As I slowly discover the cultural side of Malaysian foods, the idea of taking a Malaysian cooking class has come to mind several times. But good things can eventually come to those who procrastinate, and my timing was perfect to snag a last minute spot in an exclusive Cook with Shuk cooking class in Langkawi, Malaysia. Shuk’s classes are given just once a week and have a ten-person limit, so they can fill up quickly (and well in advance).
Malaysian culture is strongly connected with food and even more so in its kampungs (villages). And in Langkawi there are plenty of kampungs, each with their own unique history and personal dynamics. What better location to offer a Malaysian culinary experience, right? Especially when it’s given at the chef’s own home (possibly the last traditionally built wooden house in Langkawi too!)
I wasn’t sure what to expect from a Malaysian cooking class, as I’m a relatively uninspired cook who usually puts food preparation at the bottom of her priority list. But that’s changing! And if I can get inspired to cook anyone can. And that’s one thing Chef Shuk is very good at. Inspiring others to explore the culinary possibilities.
Shuk’s private estate is not particularly easy to find, but that’s not a problem as Shuk’s son Zairul will either meet you half way or escort you from your hotel. After a series of twisty kampung back roads, my group for the evening’s Malaysian cooking class arrived at Shuk’s traditional wooden Malay home. We were warmly greeted by the renowned chef and his long time friend Johnny (of The Lighthouse fame).
With welcome drinks in hand, myself and the other guests were introduced to kampong culture through the duo’s colorful narrative about village traditions, such as house building, weddings and even witch doctors!
Hearing the fascinating hows and whys of traditional Malay houses will have you wondering why Langkawi has had such a recent surge in the popularity of more ‘modern’ cement buildings. Traditional house building is definitely a cultural keeper.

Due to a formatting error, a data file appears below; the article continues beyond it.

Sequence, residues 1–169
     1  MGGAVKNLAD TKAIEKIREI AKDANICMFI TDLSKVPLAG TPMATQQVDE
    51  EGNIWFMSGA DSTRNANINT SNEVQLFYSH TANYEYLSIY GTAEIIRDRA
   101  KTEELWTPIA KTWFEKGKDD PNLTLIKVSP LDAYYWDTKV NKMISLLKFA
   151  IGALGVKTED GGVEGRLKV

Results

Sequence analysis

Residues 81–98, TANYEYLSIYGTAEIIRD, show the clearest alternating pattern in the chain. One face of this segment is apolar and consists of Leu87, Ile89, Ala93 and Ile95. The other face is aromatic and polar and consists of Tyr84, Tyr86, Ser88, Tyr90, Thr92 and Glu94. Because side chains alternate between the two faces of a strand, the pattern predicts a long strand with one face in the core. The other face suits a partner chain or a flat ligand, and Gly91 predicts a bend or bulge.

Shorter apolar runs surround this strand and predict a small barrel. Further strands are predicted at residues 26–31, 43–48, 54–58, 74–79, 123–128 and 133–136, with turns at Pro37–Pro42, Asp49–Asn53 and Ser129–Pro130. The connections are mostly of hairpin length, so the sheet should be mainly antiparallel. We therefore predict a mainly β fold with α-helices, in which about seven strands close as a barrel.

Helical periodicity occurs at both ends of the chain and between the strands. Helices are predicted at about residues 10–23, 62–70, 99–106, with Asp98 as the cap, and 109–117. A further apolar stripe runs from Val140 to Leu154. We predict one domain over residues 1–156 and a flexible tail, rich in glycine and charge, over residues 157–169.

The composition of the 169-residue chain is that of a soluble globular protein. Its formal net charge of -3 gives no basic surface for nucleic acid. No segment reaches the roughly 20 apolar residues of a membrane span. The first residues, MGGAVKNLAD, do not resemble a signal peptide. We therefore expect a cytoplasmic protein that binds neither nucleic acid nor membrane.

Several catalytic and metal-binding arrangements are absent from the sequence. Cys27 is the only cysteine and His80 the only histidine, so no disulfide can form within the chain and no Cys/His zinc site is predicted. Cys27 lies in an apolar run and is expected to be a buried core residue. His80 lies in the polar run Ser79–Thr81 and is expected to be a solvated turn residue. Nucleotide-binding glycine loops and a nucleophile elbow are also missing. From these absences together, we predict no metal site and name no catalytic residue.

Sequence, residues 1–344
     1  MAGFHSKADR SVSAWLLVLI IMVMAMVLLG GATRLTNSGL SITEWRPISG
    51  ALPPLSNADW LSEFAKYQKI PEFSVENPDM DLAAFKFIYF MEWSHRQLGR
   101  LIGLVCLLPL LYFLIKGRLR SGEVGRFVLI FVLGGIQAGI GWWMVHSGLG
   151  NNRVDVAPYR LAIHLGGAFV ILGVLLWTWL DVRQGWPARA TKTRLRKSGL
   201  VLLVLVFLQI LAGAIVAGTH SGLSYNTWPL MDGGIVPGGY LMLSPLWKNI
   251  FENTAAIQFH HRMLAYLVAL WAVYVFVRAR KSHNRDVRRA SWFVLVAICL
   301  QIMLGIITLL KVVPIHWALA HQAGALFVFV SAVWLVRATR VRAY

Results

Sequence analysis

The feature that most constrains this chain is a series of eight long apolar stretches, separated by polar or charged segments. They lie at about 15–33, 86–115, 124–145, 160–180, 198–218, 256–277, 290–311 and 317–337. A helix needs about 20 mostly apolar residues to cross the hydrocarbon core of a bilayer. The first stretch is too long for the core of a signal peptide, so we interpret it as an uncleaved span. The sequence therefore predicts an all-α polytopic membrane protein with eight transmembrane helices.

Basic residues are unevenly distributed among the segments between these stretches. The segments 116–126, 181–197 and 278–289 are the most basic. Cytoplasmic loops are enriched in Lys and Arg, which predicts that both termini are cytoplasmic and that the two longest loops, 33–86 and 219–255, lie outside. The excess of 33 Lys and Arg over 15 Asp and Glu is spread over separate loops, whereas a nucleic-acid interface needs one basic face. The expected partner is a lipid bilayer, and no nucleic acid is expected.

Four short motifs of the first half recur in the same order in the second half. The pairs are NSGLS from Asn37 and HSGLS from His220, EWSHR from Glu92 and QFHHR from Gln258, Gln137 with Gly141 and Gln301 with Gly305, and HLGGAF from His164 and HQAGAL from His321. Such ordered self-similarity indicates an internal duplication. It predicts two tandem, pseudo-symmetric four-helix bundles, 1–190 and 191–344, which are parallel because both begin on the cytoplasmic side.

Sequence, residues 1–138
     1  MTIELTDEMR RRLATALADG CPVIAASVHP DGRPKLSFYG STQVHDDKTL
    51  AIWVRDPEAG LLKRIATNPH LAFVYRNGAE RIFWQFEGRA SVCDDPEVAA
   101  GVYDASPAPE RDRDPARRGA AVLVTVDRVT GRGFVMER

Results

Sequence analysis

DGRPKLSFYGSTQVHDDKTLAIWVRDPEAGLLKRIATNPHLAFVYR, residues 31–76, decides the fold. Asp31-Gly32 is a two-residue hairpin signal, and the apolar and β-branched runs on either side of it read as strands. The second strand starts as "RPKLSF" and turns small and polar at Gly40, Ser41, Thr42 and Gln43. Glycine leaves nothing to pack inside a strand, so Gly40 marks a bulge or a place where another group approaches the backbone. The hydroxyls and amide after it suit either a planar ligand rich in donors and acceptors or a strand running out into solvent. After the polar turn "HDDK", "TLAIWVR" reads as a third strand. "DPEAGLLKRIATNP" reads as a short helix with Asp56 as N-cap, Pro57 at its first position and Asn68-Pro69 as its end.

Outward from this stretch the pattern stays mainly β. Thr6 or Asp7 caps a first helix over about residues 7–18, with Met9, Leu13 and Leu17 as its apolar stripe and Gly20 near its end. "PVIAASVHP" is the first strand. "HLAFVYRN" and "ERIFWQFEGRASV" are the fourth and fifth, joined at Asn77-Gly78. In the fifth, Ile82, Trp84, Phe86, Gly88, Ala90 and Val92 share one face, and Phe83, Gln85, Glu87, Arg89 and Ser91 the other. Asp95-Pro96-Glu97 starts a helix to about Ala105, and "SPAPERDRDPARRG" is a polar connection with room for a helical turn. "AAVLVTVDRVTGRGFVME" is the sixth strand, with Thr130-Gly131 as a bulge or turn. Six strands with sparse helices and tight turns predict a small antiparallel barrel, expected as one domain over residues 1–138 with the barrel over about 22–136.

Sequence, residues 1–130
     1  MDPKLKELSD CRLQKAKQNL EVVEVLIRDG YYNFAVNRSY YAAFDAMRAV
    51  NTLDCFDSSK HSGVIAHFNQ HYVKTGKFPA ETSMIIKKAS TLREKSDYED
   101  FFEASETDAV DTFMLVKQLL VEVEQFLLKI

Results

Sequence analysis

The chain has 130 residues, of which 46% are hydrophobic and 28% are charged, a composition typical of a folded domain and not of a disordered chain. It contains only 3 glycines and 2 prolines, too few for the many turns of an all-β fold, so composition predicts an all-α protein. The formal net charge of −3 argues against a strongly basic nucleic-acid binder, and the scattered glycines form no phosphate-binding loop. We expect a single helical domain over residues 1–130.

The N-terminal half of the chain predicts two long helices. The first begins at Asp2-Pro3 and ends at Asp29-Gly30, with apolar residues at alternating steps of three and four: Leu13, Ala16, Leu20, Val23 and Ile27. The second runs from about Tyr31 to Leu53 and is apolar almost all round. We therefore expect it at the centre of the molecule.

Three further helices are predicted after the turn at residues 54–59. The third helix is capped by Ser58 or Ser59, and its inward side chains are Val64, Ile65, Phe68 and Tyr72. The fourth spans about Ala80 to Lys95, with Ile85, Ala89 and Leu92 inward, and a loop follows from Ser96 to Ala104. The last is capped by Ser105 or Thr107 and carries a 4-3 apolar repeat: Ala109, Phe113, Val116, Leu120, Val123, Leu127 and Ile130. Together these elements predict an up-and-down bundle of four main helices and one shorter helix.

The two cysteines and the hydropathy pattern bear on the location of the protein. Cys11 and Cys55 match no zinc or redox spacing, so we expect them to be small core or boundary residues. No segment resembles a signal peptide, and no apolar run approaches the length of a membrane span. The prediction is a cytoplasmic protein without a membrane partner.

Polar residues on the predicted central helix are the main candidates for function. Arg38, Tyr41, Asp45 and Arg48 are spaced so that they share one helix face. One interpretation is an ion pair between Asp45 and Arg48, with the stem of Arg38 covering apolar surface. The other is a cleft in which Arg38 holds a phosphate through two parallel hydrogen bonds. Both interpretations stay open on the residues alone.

After a short tour of the surrounding gardens (where many of Shuk’s ingredients come from), we had a grill-side introduction to the fine art of satay making and eating. There is an art to doing it correctly, but you’ll have to take the class to find out for yourself. And I can tell you that that tasty satay teaser had me eager to hit the kitchen and start cooking dinner!
Shuk’s main kitchen (and very modern I might add) is inside the main house. Our group of eight students listened and watched intently as Shuk demonstrated the fine art of slicing, dicing and spicing. We were all then given a food preparation chore to tackle. My challenge was the fresh sambal, which turned out quite well if I say so myself.
Within an hour or so, we had all pitched in to create our scrumptious evening meal of Spicy Beef Rendang, Ikan Bakar, Stir Fried Vegetables and not-too-spicy Sambal Belacan. The evening was wrapped up with a sit down dinner, dessert and a few good laughs. Shuk also presented each of us with a handmade batik bag of souvenir goodies, which included a small book of his delicious recipes to further our culinary skills with.
If you’re keen to try a Malaysian cooking class, Cook with Shuk is an excellent choice. Shuk’s cooking program is also famous for winning the prestigious Tourism Malaysia Award for 2004 for The Best Tour Program. And it not only made me more food prep happy, but I am now a die hard sambal fan to boot. And the spicier the better! The class is scheduled for five hours and includes beverages, a delicious home cooked meal and an evening to remember.
Cook with Shuk
Facebook: Cookwithshuk Langkawi
Classes are held every Wednesday
Minimum 2 person, maximum 10 person
Time of class: 17:30 to 22:30
Class assisted by Johnny Cordier and Zairul Shukri
For booking and enquiries:
Tel: Shukri Shafie 04 955 2657 or hp: 019 476 5647
Cost of class: RM250 per person